Battle of Maes Moydog
|Battle of Maes Moydog|
|Kingdom of England||Welsh|
|Commanders and leaders|
|William de Beauchamp, 9th Earl of Warwick||Madog ap Llywelyn|
|Casualties and losses|
The Battle of Maes Moydog was a battle that took place at the field of Moydog (Welsh: Maidog, also Meidiog) on 5 March 1295 during the revolt of Madog ap Llywelyn and others against English rule, near the modern-day town of Llanfair Caereinion in Powys, Wales.
Madog's opponent was the earl of Warwick William de Beauchamp, who, on hearing that Madog's army were camped in a valley close to his base at Welshpool, made a night march on 4 March and surrounded Madog's army. Madog had his spearmen form into a square, and repelled an English cavalry charge, killing around 10 men at arms. However, Warwick's innovative deployment of archers and crossbows gave the English the upper hand. Surrounded, Madog's men fought their way out of the encirclement and killed a further 90 English men, then retreated across the swollen river Banwy, in which many drowned. A second, smaller engagement near a place that the English records call 'Thesseweit' - the location of which remains uncertain - resulted in the loss of Madog's supply train. English losses totalled around one hundred dead; Welsh losses were placed at seven hundred. The battle was a crucial step in breaking Welsh resistance in the revolt; Madog went to ground and was captured in late July.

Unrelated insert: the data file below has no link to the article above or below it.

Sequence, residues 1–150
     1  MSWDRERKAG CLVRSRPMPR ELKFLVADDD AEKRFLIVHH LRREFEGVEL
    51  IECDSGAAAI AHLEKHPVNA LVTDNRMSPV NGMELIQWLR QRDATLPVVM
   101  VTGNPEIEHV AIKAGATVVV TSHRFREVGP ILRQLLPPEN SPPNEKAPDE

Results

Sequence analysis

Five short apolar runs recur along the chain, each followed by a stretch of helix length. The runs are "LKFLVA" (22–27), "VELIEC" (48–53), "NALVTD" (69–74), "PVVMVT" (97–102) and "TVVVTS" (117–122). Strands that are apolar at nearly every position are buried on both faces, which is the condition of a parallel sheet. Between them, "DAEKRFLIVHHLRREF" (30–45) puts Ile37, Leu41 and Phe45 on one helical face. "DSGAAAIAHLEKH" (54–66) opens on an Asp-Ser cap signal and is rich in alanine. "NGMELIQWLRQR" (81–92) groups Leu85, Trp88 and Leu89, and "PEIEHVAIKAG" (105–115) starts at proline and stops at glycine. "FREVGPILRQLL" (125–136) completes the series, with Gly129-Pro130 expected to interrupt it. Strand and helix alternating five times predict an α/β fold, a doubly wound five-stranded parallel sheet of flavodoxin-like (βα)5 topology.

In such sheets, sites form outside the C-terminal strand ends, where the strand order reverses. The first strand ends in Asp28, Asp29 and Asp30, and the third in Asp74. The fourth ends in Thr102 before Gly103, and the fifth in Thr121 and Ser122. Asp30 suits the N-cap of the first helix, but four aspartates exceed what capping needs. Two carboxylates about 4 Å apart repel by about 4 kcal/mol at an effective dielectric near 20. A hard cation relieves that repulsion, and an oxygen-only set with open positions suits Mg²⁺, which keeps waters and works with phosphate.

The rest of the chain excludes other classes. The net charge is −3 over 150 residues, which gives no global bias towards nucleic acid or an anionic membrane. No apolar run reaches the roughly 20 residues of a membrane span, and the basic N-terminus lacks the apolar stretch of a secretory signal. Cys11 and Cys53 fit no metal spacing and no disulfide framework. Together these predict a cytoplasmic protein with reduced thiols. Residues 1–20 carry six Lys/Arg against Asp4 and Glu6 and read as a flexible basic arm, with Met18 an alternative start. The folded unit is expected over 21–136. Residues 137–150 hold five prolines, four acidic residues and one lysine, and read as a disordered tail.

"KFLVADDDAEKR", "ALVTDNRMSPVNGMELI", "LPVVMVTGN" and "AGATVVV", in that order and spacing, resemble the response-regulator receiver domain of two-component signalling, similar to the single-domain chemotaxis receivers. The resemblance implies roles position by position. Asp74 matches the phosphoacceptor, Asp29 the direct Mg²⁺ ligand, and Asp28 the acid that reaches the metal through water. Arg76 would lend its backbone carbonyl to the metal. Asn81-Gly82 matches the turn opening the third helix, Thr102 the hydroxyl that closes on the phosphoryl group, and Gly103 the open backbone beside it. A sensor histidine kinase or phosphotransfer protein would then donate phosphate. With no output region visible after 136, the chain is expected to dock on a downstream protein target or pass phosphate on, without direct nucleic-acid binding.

- Richard Morgan, 'Thesseweit', Montgomeryshire Collections Vol. 68, pp. 87-9 (1980).
- J. E. Morris, The Welsh Wars of Edward I (Oxford, 1901).